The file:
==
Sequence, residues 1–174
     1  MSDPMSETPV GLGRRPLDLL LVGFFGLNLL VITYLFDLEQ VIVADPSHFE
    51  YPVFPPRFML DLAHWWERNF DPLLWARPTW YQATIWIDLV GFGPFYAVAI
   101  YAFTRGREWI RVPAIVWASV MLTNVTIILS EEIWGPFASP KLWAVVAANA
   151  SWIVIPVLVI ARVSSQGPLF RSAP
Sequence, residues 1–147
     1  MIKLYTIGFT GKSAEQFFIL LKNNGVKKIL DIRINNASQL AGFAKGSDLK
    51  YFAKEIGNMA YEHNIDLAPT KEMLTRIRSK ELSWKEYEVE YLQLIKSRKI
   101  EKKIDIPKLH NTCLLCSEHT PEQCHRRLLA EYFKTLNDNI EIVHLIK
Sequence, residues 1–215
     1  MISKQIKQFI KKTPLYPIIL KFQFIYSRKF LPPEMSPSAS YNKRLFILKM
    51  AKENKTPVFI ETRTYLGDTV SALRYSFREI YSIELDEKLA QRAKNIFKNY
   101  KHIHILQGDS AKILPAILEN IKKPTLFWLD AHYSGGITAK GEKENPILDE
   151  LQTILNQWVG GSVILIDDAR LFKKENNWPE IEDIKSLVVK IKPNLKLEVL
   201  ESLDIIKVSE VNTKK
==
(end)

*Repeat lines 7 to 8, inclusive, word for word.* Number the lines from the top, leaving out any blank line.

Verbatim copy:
     1  MIKLYTIGFT GKSAEQFFIL LKNNGVKKIL DIRINNASQL AGFAKGSDLK
    51  YFAKEIGNMA YEHNIDLAPT KEMLTRIRSK ELSWKEYEVE YLQLIKSRKI